Jan 13, 2012
If you read Content Here through RSS or just follow links to individual articles, you may have missed my new publications page. In addition to listing some articles that I have published on other sites, the publications page now includes reports that I used to sell here at Content Here. I have not kept these reports up to date with the technologies that they cover but the background information and selection strategies are still very relevant. They are posted up on Scribd where they are free to read. You may find the following reports particularly interesting.
This was Content Here's first report. It reviewed 7 open source Java web content management systems (Alfresco, Apache Lenya, Daisy, Hippo, Jahia, Magnolia, and OpenCms). While the individual product reviews are all out of date, the first 20 pages of the 173 page report contain useful information on the rise of open source content management and how evaluating open source platforms is different from commercial platforms
This is the Alfresco review from Open Source Web Content Management in Java but updated to version 3.1 which was released in April of 2009.
This is my most recent report. It was published in 2009 and covers Drupal 6.10. The interesting thing about this format is that it reviewed Drupal from the perspective of a publisher. The report is broken up into 3 sections: "what the publisher needs to know," "what the editor needs to know," and "what the developer needs to know." I think that much of the general commentary is still very relevant.
Apr 30, 2010
My friend and former Optaros colleague Jeff Potts recently announced that he has left Optaros to form a new company called Metaversant. Jeff was Optaros' superstar Alfresco guy. He put Optaros on the Alfresco map and contributed to the Alfresco community by writing a great book (The Alfresco Developer Guide), maintaining useful information on his blog, and also publicly pushing Alfresco in the right direction. Jeff is a charter member of my informal "Content Here Information Partner (CHIPs)" network and I have regular briefings with him to keep up to date on all things Alfresco.
Since Optaros has shifted its strategy to focus on the intersection of community, commerce, and content, Alfresco's position as a core offering has diminished. Alfresco is more oriented toward file-based collaboration, intranets, and digital asset management than social publishing and commerce. Metaversant will focus on training and advising Alfresco customers. I admire Jeff's expertise in and passion and I know that he will be successful in this new venture. He will certainly get referrals from me.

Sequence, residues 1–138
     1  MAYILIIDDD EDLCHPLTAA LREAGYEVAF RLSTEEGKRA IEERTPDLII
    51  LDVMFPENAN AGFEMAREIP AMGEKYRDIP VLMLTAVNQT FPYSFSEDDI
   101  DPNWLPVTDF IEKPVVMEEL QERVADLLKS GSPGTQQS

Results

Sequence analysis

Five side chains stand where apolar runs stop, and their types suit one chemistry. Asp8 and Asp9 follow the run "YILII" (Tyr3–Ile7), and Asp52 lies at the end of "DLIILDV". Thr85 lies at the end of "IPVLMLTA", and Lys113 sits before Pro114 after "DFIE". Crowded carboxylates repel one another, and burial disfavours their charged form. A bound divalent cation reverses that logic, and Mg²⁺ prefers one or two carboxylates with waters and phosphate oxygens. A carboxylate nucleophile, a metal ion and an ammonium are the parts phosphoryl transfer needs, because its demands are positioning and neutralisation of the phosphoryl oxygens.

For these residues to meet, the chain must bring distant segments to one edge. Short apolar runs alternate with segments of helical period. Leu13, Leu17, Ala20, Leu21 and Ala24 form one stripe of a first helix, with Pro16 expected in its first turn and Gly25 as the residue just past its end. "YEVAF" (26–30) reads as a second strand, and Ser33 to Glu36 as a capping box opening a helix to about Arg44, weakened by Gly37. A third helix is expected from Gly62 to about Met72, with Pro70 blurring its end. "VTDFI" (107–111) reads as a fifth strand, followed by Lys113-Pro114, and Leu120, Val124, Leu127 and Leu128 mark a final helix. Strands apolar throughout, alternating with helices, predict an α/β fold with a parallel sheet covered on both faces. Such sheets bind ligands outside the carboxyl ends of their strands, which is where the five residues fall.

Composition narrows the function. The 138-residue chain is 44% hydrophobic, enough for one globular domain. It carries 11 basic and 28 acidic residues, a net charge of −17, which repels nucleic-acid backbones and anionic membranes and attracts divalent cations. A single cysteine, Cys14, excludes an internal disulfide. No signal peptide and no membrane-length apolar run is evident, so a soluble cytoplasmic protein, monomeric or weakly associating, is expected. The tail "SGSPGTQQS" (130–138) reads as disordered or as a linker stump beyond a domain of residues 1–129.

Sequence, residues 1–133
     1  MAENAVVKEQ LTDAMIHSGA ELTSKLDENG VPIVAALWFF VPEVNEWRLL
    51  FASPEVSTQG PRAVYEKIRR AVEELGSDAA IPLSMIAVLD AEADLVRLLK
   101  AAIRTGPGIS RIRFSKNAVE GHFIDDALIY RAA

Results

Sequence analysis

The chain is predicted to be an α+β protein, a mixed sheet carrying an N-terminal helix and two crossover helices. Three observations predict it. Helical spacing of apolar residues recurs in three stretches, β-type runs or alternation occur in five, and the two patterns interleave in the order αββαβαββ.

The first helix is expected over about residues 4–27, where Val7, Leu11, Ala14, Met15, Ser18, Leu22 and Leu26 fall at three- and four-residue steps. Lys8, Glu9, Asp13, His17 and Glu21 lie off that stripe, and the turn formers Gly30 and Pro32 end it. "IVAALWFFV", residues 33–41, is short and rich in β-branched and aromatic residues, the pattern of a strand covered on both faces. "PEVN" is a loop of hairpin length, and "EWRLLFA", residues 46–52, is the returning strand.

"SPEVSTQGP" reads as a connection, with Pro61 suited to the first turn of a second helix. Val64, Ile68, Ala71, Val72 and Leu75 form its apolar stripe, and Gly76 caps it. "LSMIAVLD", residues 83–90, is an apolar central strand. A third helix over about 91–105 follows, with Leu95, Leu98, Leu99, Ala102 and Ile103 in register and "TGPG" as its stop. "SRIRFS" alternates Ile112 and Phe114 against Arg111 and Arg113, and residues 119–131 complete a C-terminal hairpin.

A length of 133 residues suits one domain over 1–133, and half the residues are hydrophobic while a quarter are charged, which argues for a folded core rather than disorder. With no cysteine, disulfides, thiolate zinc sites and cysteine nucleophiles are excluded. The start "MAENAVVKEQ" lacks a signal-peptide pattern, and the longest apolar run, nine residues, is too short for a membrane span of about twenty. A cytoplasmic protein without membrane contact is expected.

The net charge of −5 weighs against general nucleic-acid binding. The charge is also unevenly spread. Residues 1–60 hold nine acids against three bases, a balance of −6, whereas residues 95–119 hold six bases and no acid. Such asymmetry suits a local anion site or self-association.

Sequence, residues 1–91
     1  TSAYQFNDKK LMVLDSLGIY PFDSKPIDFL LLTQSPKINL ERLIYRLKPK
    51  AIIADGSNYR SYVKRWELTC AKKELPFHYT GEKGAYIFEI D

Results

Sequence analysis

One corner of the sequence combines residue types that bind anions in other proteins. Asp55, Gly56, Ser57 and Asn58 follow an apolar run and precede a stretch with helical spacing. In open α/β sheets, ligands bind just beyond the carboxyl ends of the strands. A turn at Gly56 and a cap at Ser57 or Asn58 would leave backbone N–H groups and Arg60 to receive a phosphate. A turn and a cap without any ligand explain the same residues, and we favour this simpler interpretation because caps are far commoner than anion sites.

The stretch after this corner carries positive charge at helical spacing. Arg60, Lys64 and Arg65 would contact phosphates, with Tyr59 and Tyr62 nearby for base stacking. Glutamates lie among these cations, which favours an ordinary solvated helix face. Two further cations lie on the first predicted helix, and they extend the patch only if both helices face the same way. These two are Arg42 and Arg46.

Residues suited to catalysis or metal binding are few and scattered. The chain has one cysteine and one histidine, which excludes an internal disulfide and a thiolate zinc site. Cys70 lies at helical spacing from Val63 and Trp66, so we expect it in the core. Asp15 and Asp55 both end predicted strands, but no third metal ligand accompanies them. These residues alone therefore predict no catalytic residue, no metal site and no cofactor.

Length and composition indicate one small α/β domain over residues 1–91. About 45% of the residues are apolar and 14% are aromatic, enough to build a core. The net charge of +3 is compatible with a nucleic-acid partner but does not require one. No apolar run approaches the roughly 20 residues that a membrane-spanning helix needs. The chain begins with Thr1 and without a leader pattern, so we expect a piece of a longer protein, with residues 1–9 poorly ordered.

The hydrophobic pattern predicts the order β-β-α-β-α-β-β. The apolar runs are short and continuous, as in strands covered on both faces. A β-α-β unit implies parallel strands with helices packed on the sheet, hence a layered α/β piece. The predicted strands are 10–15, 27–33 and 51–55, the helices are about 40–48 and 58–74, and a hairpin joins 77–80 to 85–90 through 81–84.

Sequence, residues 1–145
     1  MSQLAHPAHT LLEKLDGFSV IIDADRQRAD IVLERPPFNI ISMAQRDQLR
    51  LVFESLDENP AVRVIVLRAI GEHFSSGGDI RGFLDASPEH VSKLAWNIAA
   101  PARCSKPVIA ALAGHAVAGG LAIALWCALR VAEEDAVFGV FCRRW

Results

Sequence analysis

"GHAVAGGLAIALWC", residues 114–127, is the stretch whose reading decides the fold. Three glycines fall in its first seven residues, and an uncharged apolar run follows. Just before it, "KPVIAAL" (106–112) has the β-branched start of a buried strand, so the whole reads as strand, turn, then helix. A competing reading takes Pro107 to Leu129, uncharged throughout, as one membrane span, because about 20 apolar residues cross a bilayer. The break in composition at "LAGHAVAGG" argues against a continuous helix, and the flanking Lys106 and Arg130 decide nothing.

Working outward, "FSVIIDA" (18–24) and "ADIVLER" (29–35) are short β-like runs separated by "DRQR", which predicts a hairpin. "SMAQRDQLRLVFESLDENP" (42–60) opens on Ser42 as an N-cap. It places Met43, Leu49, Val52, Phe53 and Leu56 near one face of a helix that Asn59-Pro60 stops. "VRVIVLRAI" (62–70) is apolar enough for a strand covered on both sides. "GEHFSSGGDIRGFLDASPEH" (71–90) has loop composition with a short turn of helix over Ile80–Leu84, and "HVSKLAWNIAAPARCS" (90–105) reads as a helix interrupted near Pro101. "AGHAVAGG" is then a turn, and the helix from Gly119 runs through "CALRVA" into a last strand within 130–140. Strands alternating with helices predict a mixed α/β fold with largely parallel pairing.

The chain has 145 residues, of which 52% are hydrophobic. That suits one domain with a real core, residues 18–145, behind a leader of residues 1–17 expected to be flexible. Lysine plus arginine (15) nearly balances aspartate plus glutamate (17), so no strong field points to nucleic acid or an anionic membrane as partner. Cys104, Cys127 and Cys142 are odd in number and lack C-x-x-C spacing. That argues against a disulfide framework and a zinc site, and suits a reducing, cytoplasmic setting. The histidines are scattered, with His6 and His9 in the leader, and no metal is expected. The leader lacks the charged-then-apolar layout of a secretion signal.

Nov 11, 2009
I am beginning to see hints at serious changes happening within Alfresco. Historically the company has essentially operated as a commercial software company with a closed development model (that is, an internal opaque development team) and an open source version that was treated like shareware ("start using it and, if you like it, pay for the real product."). Gradually, Alfresco has been opening up to be more transparent and developer friendly. For example, now you can get the source of the Enterprise Edition. You just need to pay an annual subscription to use the compiled version if you want to get support.
Recent blog posts by Matt Asay (Alfresco's VP of Business Development) and John Newton (CTO) make me think there is more change to come. First, in April Matt wrote this post on how the (very permissive) Apache Software License is better than the GPL. That had me scratching my head because Alfresco uses the GPL license which is very strong at protecting IP. Alfresco had already loosened up a bit by providing a "FLOSS Exception" where a developer working on another project with another OSI approved license can incorporate Alfresco under that license. But the full Apache Software License goes much further. If Alfresco was Apache licensed, Oracle could embed Alfresco in one of their commercial software products for free.